I'm not a BASE jumper but have done some research and have a basic understanding of the discipline.
1. For sub-terminal jumps below 1000ft you should use BASE gear.
Here's an overview of gear and skydiving: Skydiving gear is mostly made and packed for terminal velocity openings (~120MPH) where you want to decelerate by a slow and progressive opening, a quick & hard opening can kill you! A main chute takes about 700-1000ft to open and a reserve is designed to open in 350ft, and is used only in an emergency if the main malfunctions. The minimum (legal) altitude to deploy your main is 2000ft and for the reserve it's above 1000ft (or 1500ft if you want to be more conservative). For example, if there is an aircraft emergency during climb up, like an engine failure, and the plane is below 1000ft (or 1500ft) then the skydivers can't jump and must land with the plane. But they may bailout if above that altitude.
BASE gear is mainly made and packed for faster openings at sub-terminal speeds from lower altitudes.
2. 160-180ft is feasible but considered very low. At these altitudes you don't really get any freefall and you don't have margins for error, they are usually done using static line: you have a line attached to the object or aircraft you are jumping from, and that extracts your chute as you fall away, giving you a very fast opening.
Paratroopers use static line with round parachutes, and I believe the training altitude is 1000ft and the actual combat altitude is around 300ft (someone correct me if numbers are off)
3. As mentioned above, a reserve is usually used as backup in an emergency and not for a 2nd jump, but I realize we are talking fiction here. I've heard that some BASE rigs have a reserve, however, the BASE altitudes in most cases are too low to make reserve use feasible. In order to cutaway your main and use a reserve at 350ft you would need to have a Skyhook or other MARD (Main Assisted Deployment System), what this does is use the drag of the cutaway main to pull your reserve out faster, think of it as a static line jump with the extraction line attached to the detached main chute.
4. Here's some more skydiving physics: it takes you around 10 seconds to cover the 1st 1000ft (you're accelerating from 0 to 120MPH) and after that you're travelling at terminal velocity (wind resistance stops you from accelerating further) and covering 1000ft at 5.5 seconds. When you're going at 120MPH you have a lot of drag (air resistance) and can influence your speed by changing the amount of surface area you are presenting to the wind: flatten out your body on your belly and you slow down since you are presenting maximum surface, become a needle by going head down and you speed up. All this is possible because you're moving fast. However, at sub-terminal speeds you don't have much control (not much air resistance) so you are at the mercy of gravity. Compare this to feeling the wind in your hand when you stick it out the window of a fast moving car v.s. a car driving slow in a parking lot where you feel nothing.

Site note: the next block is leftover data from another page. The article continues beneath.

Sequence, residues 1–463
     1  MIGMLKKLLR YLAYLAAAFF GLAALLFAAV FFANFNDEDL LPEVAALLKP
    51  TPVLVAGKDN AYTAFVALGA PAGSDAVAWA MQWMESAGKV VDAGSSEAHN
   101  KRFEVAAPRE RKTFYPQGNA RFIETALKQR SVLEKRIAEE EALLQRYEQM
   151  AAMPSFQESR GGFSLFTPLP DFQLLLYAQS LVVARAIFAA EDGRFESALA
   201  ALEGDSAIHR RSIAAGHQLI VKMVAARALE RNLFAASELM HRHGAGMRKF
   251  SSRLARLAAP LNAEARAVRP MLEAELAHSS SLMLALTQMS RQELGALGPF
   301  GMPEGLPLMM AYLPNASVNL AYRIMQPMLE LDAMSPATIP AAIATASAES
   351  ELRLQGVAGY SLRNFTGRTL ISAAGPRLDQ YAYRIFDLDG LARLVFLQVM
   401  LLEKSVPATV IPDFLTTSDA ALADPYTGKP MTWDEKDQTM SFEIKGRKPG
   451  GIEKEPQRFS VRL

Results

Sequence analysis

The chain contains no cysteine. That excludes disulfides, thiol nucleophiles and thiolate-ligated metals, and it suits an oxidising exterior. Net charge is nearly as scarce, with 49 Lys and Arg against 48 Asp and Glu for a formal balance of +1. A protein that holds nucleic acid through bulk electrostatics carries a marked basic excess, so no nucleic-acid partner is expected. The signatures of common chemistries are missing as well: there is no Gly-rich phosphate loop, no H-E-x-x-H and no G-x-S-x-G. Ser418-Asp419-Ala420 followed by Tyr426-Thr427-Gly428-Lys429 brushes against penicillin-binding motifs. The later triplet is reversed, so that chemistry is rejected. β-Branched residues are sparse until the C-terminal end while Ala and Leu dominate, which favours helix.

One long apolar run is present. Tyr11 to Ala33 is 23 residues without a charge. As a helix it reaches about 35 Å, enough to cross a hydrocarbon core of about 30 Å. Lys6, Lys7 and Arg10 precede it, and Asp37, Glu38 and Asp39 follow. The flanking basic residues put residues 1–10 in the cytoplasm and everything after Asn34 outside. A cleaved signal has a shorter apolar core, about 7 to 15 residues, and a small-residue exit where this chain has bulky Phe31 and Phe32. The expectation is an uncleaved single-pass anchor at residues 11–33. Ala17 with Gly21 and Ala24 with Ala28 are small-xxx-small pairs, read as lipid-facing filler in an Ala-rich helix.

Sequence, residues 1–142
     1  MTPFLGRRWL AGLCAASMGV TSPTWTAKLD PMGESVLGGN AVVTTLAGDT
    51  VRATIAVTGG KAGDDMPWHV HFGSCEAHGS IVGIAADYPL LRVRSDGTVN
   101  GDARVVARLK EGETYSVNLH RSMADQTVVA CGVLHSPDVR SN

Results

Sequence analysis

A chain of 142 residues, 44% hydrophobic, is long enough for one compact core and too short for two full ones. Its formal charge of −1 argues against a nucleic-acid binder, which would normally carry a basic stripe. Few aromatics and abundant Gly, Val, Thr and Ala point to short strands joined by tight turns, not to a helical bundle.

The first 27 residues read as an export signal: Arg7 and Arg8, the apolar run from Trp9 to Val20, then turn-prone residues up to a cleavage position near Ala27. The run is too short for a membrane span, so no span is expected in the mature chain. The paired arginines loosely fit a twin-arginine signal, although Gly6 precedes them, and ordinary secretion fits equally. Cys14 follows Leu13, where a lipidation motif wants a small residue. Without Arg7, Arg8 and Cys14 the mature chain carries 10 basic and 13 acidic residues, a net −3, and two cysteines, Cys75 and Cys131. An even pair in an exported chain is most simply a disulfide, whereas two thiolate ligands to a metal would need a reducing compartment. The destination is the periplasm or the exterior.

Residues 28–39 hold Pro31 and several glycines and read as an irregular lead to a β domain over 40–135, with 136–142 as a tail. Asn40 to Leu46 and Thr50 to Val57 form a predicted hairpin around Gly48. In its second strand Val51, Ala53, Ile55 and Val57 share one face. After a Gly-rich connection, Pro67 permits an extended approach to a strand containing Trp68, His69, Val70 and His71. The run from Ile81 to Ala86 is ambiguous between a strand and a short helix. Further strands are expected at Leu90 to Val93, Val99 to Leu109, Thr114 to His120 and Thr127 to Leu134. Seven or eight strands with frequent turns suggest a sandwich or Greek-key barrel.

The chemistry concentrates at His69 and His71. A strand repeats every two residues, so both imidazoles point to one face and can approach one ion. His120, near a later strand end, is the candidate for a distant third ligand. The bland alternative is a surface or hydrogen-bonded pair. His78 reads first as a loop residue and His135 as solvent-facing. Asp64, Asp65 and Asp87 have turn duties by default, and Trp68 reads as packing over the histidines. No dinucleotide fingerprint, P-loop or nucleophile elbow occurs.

So at low jump altitudes air resistance doesn't have much effect and you can approximate the motion by using basic physics for falling objects in a vacuum: they fall at the same rate. Therefore, 2 objects leaving at different times can't catch each other unless the 2nd one has more initial speed than the 1st.
From 350ft (106m) the time to impact is roughly 4.5 seconds, calculated by: t = square root of 2d/g
Where d = distance in meters, g = gravity acceleration: 9.8 m/s^2
So assuming 4 sec working time, a 1 sec canopy deployment time and jumping out 1sec after someone, you have 2 sec to catch them... provided you added more initial trust so you have more speed... You decide if that is feasible.